Imagine living in London in the latter half of the 19th century. It must have been a great place to live and experience the city growing and developing with new residential areas, new railway stations and new exhibition halls to cement London’s position as a major international centre for design and technology, using the most modern techniques of cast iron and glass introduced at Joseph Paxton’s 92,000 sq m cast iron and glass “Crystal Palace” for the Great Exhibition of 1851, which was then relocated and enlarged south of the river to Penge Common in 1854 until it was destroyed by fire in 1936. Visitors, used to traditional solid dark masonry buildings must have been astonished at this amazing new technology which was also transform railway station design.
The Royal Agricultural Hall opened in Islington in 1862 and was almost lost to demolition in the 1980’s, but was saved and converted to the Building Design Centre in 1986 providing exhibition space, conference facilities, showrooms and offices for design companies. When built, it was one of the largest permanent exhibition halls in the world and now hosts a number of annual exhibitions including the London Art Fair, the largest contemporary art fair in the UK.
Two decades later in 1886 the National Agricultural Hall Company opened the UK’s largest show venue at Olympia, designed by Henry Edward Coe who was responsible for the Agricultural Hall in Islington twenty five years before and took its barrel-roof form as the basis for the new building. He would be amused to see that it is his two buildings that have survived into the 21st century.
There has always been competition between the different exhibition halls in London. A year after the opening of Olympia, the new Earl’s Court Exhibition Centre opened only a mile away, to be rebuilt as one of Europe’s largest exhibition halls in 1937 and extended with a further hall in 1991. The first exhibition included performances by Buffalo Bill Cody as part of the ‘American Exhibition’ and it was London’s premier exhibition hall for many decades, hosting the Royal Tournament and Earls Court Motor Show, Ideal Home Show and a number of other notable events and music concerts with many iconic artists. It was also used as one of the venues for both the 1948 and 2012 Olympic Games.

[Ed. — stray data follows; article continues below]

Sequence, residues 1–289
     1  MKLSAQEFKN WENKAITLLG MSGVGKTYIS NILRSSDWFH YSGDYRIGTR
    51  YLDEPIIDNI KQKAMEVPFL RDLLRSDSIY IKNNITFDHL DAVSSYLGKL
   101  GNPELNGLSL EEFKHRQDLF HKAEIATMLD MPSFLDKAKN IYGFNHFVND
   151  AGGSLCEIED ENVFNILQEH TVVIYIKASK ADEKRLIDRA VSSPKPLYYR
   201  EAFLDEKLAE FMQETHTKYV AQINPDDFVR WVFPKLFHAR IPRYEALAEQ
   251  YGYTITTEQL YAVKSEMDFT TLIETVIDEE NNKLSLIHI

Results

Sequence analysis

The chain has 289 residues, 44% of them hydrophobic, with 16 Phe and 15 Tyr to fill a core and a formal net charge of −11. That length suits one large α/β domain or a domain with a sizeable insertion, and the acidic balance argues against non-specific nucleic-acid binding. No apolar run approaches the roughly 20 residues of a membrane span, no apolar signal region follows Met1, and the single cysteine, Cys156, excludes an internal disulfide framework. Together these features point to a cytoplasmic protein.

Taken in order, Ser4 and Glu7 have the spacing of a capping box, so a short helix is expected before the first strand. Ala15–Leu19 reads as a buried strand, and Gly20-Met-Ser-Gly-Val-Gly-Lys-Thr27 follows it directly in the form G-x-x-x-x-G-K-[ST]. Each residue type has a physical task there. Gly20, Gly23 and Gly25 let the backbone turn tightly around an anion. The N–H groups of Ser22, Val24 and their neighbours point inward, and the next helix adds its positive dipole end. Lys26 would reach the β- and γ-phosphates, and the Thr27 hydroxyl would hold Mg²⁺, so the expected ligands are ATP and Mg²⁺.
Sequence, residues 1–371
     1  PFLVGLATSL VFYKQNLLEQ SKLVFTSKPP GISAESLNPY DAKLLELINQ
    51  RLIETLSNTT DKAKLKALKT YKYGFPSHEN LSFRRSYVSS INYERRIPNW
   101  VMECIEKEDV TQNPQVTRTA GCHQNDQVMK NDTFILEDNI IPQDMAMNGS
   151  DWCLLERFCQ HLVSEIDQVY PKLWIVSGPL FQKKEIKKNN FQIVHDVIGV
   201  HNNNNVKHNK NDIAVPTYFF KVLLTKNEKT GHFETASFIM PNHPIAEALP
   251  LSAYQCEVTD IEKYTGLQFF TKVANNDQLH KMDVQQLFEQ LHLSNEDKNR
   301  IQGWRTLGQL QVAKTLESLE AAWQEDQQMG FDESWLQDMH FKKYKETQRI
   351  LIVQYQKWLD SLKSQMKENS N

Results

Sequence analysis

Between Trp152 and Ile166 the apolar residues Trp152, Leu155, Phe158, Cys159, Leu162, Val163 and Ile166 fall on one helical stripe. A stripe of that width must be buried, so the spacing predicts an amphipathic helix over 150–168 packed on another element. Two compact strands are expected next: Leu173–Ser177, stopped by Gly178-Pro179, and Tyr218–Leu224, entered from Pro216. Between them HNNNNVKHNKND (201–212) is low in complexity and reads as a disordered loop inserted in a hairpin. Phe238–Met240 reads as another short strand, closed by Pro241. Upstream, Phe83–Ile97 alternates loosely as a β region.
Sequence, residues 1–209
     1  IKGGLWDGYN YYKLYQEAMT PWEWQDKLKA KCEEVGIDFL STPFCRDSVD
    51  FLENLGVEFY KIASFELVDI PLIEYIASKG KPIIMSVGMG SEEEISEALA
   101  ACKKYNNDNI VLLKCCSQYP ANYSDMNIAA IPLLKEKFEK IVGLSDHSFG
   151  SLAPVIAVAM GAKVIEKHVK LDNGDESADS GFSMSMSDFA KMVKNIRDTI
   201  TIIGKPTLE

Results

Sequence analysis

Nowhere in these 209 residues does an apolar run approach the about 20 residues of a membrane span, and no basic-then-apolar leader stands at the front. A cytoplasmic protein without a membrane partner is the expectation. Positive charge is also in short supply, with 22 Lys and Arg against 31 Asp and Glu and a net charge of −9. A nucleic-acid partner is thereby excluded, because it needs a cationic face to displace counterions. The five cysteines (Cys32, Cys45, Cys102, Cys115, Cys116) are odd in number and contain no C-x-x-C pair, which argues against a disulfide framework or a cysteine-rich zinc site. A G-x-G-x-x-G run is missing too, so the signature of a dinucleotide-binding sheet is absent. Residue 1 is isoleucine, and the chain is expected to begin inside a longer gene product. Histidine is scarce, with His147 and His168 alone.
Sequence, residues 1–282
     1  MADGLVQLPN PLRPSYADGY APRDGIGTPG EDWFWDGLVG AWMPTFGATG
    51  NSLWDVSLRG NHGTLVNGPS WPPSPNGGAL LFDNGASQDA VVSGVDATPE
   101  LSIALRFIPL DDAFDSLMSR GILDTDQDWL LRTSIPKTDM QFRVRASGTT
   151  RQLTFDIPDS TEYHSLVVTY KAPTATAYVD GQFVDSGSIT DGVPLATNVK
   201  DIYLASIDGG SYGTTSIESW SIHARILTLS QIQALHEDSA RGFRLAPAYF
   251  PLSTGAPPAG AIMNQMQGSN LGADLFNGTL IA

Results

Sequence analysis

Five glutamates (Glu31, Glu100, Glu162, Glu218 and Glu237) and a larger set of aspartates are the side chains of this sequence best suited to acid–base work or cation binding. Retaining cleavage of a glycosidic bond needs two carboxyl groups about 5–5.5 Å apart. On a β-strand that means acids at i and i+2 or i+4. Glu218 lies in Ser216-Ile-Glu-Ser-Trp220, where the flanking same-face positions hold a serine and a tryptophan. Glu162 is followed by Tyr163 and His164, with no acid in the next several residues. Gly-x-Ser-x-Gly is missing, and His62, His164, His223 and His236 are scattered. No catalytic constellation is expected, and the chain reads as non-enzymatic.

The death knell for either Earl’s Court or Olympia came with the opening in 2000 of ExCeL (Exhibition Centre London) on a 100-acre (0.40 km2) site in London’s Docklands between Canary Wharf and London City Airport, extended in 2010 with the International Convention Centre which was also used for the 2012 Olympics for boxing, fencing, judo, taekwondo, table tennis, weightlifting and wresting. Comparable in floor area with the Crystal Palace of 1851, it has stolen exhibitions such as the London Boat Show and the London Motor show and the axe finally fell with controversial plans to demolish Earls Court for redevelopment as a new residential and retail complex.
London now has the two surviving historic exhibition centres, Olympia and the Business Design Centre in Islington. Was the right decision made to demolish Earl’s Court? It created great controversy at the time and its transport links are superior to the other halls. However, two exhibitions held this week indicate that the two new venues can survive and hold their own against the competition from Excel, in part because of their characterful design and in part because of their location in the heart of London with many hotels and restaurants in the adjacent areas.
“Top Drawer” has really responded to the opportunities of Olympia. London’s major trade exhibition for design, home and gift retailers, it had become a little repetitive over the past few years but has now transformed itself, making best use of the interconnection of the two major exhibition halls at Olympia and adding new zones for fashion, crafts and new talent, while at the Business Design Centre, this year’s London Art Fair continues to present contemporary, modern and emerging artistic talent.
At “Top Drawer”, design firms such as LSA which is celebrating its 50th anniversary this year, showing both original designs which are now back in fashion and their newest, while Alessi is displaying its new range by architect David Chipperfield. Many of the design firms contrast traditional timber structures and displays with the newest furniture and accessories for the interior design market.
It is the crafts that really shine this year with artists such as Stephan Farnan with his “Captured Memories”, Helania Sharpley with her wireworks, Damien Borowik with his exquisite drawings and Lynda Gault and Sarah Villeneau with their beautiful ceramics.
Lastly, and something that should be developed further is “Pepe Heykoop” an initiative that creates great designs and supports communities living in slums in Mumbai. All the products are made by women of the Pardeshi community. Dutch designer Pepe Heykoop working with the Tiny Miracles Community hopes to bring 700 people out of poverty by 2020 and currently emply 100 women to manufacture their designs. We need more of this!